by Britell Moonlight However, the score doesn’t just function as a means of musically communicating pain. A later track like “Chef’s Special” opens with a playful quality with the way the strings are plucked as it eventually settles into an aura that conveys romantic longing. The closing piece “Who Is You?” masterfully fuses light piano playing with the sound of waves crashing on a beach to capture a moment of intimate acceptance and bonding. These soft yet powerful sounds show a delicate touch and a sense of confidence that a sober approach can still speak volumes about a character’s state of mind. Following this route allows “Who are you?” and all of Britell Moonlight compositions to become his greatest work.

But that doesn’t mean everything went downhill for Britell afterwards. Moonlight. On the contrary, his second collaboration with Jenkins, If Beale Street Could Talkresulted in a collection of music that would be Britell’s crowning achievement as a composer if Moonlight did not exist. Tasked with telling a story that relies heavily on flashbacks of a passionate romance, Britell’s music combines melancholic reflection with sounds that evoke the dizzying sensation of being in love. Just listen to “Agape,” which features dark strings and piano music reflecting the sadness of loss. However, he also wields a swinging trumpet that blasts with all the energy of someone whose heart is filled with affection.

Once again in a film score, Beale employs a restraint that can still pack a powerful emotional punch. Look no further for proof of this on the Beale Street soundtrack than “Requiem”, which devotes its first 35 seconds to piano keys being played one by one, with noticeable pauses between each note. In these interstices, we feel the pain Clémentine (KiKi Layne) feels to have her lover, Alonzo (Stephan James) being stuck in jail. The pauses between wailing trumpets on the closing track “Philia” have an equally percussive quality and convey an aura of mourning. Even in the silent parts of his pieces, Britell always leaves an impact on the listener.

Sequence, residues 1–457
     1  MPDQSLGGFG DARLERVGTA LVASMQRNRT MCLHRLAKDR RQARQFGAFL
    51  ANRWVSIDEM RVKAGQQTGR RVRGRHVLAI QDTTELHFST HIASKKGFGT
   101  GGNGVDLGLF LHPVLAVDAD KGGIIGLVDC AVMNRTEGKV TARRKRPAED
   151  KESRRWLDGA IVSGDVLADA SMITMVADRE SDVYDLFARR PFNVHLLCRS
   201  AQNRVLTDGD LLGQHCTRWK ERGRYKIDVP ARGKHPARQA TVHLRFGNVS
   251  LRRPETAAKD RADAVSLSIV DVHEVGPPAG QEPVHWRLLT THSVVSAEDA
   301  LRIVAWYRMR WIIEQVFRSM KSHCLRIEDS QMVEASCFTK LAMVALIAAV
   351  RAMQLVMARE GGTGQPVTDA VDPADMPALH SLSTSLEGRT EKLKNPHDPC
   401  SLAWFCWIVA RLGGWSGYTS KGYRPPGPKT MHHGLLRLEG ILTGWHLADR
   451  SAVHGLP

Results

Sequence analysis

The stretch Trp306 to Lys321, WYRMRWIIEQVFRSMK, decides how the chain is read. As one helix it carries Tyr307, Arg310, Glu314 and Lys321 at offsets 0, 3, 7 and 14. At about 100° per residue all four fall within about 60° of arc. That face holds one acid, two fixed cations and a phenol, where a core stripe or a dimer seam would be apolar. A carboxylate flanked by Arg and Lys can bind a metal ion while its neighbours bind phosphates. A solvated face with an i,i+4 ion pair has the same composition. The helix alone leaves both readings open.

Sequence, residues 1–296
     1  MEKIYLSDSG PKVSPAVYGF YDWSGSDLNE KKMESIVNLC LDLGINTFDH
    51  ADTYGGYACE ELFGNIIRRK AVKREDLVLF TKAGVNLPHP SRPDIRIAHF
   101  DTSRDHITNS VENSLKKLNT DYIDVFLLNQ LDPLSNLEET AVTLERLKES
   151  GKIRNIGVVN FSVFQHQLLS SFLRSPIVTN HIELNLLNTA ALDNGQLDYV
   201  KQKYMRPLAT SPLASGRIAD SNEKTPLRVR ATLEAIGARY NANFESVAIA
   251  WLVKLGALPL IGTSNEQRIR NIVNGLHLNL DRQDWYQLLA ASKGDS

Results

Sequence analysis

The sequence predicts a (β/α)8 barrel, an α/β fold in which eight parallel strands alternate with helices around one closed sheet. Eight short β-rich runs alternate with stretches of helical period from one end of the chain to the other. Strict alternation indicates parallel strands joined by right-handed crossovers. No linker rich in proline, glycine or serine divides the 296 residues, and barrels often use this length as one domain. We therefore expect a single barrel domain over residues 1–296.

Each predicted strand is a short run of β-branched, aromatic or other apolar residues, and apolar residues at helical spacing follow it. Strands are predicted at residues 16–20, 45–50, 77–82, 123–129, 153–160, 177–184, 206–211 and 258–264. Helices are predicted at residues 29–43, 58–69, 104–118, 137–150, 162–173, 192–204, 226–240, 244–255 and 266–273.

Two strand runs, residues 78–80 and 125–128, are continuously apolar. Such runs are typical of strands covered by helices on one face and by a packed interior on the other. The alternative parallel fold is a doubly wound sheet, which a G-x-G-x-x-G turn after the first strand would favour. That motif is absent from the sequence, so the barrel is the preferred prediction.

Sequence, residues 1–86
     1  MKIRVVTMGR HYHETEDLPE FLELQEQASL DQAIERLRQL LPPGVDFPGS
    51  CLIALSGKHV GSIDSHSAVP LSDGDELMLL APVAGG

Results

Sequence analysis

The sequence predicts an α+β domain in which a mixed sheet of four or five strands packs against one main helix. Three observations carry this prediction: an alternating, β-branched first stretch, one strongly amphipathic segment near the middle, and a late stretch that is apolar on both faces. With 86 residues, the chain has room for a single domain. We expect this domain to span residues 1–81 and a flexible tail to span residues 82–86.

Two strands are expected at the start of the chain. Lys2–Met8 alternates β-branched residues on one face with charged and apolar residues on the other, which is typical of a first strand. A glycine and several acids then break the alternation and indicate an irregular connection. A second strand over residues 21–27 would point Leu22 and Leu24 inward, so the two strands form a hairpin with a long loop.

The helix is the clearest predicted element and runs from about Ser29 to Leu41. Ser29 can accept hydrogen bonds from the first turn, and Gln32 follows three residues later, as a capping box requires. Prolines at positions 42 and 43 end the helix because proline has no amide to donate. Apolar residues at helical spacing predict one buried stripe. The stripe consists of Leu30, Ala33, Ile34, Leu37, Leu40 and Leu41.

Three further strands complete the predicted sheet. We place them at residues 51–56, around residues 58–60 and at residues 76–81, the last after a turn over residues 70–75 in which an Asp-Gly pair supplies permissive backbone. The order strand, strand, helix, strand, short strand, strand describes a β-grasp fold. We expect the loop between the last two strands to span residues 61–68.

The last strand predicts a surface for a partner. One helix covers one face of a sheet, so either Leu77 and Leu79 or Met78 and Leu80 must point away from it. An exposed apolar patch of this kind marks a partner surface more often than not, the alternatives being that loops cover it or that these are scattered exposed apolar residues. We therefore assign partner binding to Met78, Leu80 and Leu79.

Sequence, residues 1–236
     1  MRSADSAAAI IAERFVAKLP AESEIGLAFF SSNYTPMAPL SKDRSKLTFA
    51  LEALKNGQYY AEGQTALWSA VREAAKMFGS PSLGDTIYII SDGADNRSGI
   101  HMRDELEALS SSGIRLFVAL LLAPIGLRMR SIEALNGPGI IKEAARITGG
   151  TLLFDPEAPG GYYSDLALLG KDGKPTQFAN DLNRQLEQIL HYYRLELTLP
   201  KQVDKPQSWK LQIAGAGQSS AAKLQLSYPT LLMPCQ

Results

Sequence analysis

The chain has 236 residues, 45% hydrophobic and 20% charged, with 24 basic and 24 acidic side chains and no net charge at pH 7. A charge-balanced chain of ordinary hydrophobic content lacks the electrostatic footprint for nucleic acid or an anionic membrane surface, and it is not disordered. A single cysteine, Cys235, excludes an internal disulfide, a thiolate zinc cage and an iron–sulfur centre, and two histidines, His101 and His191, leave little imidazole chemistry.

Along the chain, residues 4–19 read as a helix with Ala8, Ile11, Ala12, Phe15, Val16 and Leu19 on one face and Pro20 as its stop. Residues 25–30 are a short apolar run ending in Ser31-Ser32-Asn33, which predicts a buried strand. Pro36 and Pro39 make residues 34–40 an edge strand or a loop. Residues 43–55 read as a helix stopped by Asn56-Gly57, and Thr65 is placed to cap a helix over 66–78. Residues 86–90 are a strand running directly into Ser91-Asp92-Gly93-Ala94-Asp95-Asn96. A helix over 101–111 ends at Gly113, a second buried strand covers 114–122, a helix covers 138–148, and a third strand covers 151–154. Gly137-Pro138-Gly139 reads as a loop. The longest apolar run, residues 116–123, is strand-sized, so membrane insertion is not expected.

Britell’s self-proclaimed decision to employ a large amount of bass in the score of Beale Street here gives even more distinctive identity to his music, ditto the weaving of instruments associated with mid-twentieth-century jazz. The use of these tools lends Beale Street remarkable sound that captures a cavalcade of complicated emotions, a perfect companion to the experiences of the characters in the film. Just as there is joy for an impending child even amidst the unspeakable pain of innocent Alonzo locked up in prison, Britell’s score communicates both angst and longing longing often in the same piece. The masterful blending of so many different feelings is just one of countless unforgettable elements of his work here.

These productions feature the most impactful score of Britell’s career, with Succession, Moonlightand Beale Street undoubtedly among his best achievements as a composer while The big court deserves mention as a breakthrough project that has rightly put him on the map as a musician to watch. Of course, those aren’t the only standout scores Britell has delivered in his career. For example, although his tracks are often overwhelmed with the needle drops of the film era, Britell still delivered a solid job in the score of Cruel. The film’s more outlandish, traditional nature allowed Britell to indulge in enjoyable bursts of maximalist musical sensibilities while using some of his signature instruments, like the piano. Meanwhile, while the movie itself isn’t particularly noteworthy, Britell still did a solid job on it. The king. This feature is particularly noteworthy as it allowed him to apply his classical musical sensibilities not as a contrast to a modern thread, but as a period-appropriate extension of a story set in the 15th century.


Still, Succession, Moonlightand Beale Street represent the pinnacle of what Britell is capable of as a composer. Not only do they feature the kind of sounds and instruments he likes, but they often demonstrate his gift for combining past and present in musical form. Britell is unafraid to embrace modern technology or current hip-hop flagships in his music, while his fascination with classical music helps him find new ways to explore the inner worlds of 21st century characters. . Some musicians may only look to the here and now or the past, but Britell sees the value of both eras and their combination. In the process of merging these sensibilities so harmoniously, Britell concocts the kind of compositions that will undoubtedly stand the test of time.